I took the first steps in May 2003. I walked a half marathon and my foot was really sore when I crossed the finish line. I thought it was because of my shoes – but the running shop wouldn’t sell me new shoes. Instead, they insisted that I make a doctor’s appointment.
By May 2004 I had a diagnosis: Charcot Marie Tooth. CMT, the most common hereditary neuromuscular disorder, impacts 1 in 2500 people. Including me.
For those of us with CMT, our peripheral nerves don’t function correctly – nerve signals don’t transmit properly so our muscles are not stimulated, and the result is progressive degenerative muscle atrophy and a loss of sensory and motor function. There is no cure.
It’s scary to be told that you have an incurable condition. Especially one whose path and manner of development is unknown.
At first I just ignored my CMT. I was pretty active and felt healthy. I set a few new goals for myself, including walking a marathon in 2004. I took up yoga. I began to piece together a healthy lifestyle, including a visit to a nutritionist. But then… Well, you know how it goes. I got busy. I stopped exercising. And slowly, my health started sliding away.
I may have ignored my CMT, but I couldn’t ignore how I felt – which was pretty bad. It was getting tough to walk up my stairs.
I thought that if I increased my activity levels to what they used to be, it would help me to feel better. And being motivated by goals, in 2007 I set myself the goal of doing a triathlon. By 2009 I accepted that – for me – living life fully would mean committing to an active healthy lifestyle.
I’ve learned a lot since 2009. One of my biggest lessons is that with the right attitude, nutrition, and activity levels I can manage the impact of CMT on my life. Another? To take joy from movement – no matter what speed I move at!
Keep Moving to Keep On Moving
Since 2007 I have completed dozens of triathlons, and a few single sport endurance events including cycling century rides (100 mile and 100 kilometre distances), the Great Chesapeake Bay 4.4 mile swim, and the Dart 10km swim.
In 2013 I was advised that my hypermobility from Ehlers Danlos Syndrome and an unusually shaped knee would limit my time in triathlon. With patience and a deliberate approach I pulled myself back from the threat of no more races to achieve new personal bests, including podium performances in both swims and triathlons.
In 2015 I was named London Female Paratriathlete of the Year. This capped off my season which included racing for the USA and taking bronze at the ITU Open Paratriathlon World Championships.
Since I did my first triathlon back in 2007 I have tested, learned, redefined and beaten my limitations in ways I had never dreamed possible. But more than finisher medals or accolades, I’ve found joy in life through sport.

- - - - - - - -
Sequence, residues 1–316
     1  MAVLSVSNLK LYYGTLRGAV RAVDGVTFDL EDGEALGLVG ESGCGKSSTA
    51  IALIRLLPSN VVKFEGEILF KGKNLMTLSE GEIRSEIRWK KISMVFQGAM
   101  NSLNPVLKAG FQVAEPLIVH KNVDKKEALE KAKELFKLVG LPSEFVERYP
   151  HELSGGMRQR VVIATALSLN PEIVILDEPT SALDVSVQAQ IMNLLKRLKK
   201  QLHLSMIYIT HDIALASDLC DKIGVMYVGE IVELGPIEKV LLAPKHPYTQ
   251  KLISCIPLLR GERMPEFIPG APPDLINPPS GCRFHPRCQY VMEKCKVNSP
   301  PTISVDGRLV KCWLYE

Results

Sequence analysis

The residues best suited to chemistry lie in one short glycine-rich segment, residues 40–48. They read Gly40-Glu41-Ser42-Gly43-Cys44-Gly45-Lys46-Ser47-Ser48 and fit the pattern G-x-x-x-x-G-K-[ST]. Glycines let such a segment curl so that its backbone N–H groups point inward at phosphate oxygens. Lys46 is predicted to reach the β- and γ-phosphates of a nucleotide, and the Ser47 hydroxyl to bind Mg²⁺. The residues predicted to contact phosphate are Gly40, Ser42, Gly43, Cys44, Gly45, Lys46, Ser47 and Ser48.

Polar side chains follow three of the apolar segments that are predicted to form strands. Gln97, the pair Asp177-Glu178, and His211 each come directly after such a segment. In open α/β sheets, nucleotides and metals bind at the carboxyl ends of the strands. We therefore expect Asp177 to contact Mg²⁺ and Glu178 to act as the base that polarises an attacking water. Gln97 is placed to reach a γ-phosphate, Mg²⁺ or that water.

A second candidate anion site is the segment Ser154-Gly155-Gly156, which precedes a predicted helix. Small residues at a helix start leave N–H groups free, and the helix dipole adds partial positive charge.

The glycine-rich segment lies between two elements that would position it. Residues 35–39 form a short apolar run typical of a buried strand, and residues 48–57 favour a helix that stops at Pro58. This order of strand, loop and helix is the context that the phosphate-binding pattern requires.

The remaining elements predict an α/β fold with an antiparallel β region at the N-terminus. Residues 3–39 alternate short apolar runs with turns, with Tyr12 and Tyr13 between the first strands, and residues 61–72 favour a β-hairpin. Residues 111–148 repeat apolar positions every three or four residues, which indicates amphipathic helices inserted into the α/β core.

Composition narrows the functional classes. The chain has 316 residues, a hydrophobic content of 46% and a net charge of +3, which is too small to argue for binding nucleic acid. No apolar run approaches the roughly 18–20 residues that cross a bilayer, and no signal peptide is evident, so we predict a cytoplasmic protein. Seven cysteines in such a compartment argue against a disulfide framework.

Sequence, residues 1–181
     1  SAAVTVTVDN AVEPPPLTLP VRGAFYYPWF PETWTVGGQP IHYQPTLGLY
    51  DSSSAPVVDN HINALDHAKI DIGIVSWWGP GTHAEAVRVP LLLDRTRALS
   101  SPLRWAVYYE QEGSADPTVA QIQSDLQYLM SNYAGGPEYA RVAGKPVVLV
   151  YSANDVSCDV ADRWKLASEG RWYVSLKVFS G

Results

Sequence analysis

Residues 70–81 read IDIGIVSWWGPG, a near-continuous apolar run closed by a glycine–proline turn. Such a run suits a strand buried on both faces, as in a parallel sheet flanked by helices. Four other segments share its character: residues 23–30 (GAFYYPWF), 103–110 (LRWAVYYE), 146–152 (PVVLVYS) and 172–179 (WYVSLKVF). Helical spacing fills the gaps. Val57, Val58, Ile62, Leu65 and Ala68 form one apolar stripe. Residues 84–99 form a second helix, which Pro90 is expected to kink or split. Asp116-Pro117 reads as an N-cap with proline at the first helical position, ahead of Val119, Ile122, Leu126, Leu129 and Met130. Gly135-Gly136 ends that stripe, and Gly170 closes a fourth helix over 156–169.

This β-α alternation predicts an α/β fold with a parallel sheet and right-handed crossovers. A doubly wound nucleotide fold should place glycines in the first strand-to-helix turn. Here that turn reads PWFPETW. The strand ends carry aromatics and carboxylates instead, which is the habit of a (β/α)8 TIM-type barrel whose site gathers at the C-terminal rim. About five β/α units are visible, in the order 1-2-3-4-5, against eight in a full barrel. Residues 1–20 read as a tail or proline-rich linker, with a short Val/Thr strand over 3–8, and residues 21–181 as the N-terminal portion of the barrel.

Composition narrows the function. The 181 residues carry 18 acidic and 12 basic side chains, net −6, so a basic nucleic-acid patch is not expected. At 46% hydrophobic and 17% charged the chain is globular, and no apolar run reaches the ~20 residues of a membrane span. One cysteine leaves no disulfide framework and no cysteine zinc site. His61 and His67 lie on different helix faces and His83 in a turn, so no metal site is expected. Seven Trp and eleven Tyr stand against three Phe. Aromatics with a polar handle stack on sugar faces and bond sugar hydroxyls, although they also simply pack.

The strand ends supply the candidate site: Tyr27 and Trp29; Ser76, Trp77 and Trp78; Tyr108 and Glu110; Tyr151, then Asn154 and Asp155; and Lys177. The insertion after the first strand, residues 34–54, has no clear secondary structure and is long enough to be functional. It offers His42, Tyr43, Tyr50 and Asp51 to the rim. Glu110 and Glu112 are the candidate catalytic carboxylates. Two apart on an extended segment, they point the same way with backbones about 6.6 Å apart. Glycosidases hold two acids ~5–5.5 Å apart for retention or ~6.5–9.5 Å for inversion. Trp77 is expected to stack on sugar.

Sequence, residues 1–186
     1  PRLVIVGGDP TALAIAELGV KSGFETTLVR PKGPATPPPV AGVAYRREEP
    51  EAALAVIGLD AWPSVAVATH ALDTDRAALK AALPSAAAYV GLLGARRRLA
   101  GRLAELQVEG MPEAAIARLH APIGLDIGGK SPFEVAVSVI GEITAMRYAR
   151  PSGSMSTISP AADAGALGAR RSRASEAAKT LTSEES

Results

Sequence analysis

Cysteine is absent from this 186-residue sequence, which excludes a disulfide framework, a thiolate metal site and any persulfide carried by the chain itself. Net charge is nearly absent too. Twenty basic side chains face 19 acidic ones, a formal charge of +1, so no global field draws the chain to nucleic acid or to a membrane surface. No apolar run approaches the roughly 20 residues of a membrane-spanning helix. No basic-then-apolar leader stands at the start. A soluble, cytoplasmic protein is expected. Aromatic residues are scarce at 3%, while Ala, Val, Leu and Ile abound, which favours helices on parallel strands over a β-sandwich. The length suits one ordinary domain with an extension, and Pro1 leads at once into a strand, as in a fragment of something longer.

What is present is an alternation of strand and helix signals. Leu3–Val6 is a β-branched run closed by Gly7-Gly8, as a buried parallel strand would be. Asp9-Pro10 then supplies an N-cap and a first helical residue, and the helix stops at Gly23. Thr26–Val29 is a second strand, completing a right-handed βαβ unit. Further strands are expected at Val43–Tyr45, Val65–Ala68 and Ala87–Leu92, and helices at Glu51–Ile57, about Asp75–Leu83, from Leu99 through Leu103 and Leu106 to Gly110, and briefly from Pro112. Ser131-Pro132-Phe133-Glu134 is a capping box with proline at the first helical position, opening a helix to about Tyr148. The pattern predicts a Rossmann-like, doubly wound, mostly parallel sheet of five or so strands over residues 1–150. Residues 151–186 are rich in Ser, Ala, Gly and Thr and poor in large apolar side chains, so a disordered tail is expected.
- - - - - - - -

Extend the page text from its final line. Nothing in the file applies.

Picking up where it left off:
I am a complete believer in what Bill Bowerman, founder of Nike, famously said:
“If you have a body, you are an athlete.”
I’ve learned since doing my first triathlon in 2007 that no matter what our challenges and no matter what challenges we choose to set ourselves – be it walking down the street or completing an ultra marathon – we are all athletes.
Triathlon, endurance sport and committing to healthy living have given me a second chance at life. I want to share this with the world. I want everyone to know that embracing an active healthy lifestyle can help in the path toward joyful living. For me, an active healthy lifestyle has been the best medicine I’ve found when it comes to the management of my chronic conditions.
I am committed to spreading this message and increasing involvement in sport for those who may have never viewed themselves as athletes. In 2012 I founded the CMTAthletes group on Facebook – a community of over 1500 members designed to support those with CMT in their aims to live healthy active lives. In 2015 I was elected to serve as the paratriathlon representative on the Triathlon England London and South Central regional committees.
On this site write about all aspects of my life – from sport to the kitchen, from what I read in the newspapers to what I hear from my doctors. I share how I manage my health and well being, about my approach to fitness and healthy living. You can support the efforts to find a cure for CMT. You can follow my progress as I seek to constantly redefine – and beat – my own limitations. And I hope that you can find a bit of inspiration to do the same.
A special thanks to the endless support from my family; friends; product supporters Volare and Punk Rock Racing; my coaches at Red Top Swim; strength and conditioning guru Tom Dyer; pilates expert Brian Allen; sports therapists Michael Collins (The Magic Hands) and Mel Denyer; nutritionists Vicki Edgson and Jess Dyer; my doctors and physiotherapists at the Institute of Neurology in the UK, Jon Houghton my sports rehab doctor, Personal Balance Clinic and Stephen Makinde, and Tatami Health and Ellis Taylor; and to the charities that I support – the Charcot Marie Tooth Association, CMT UK and the Hypermobility Syndromes Association.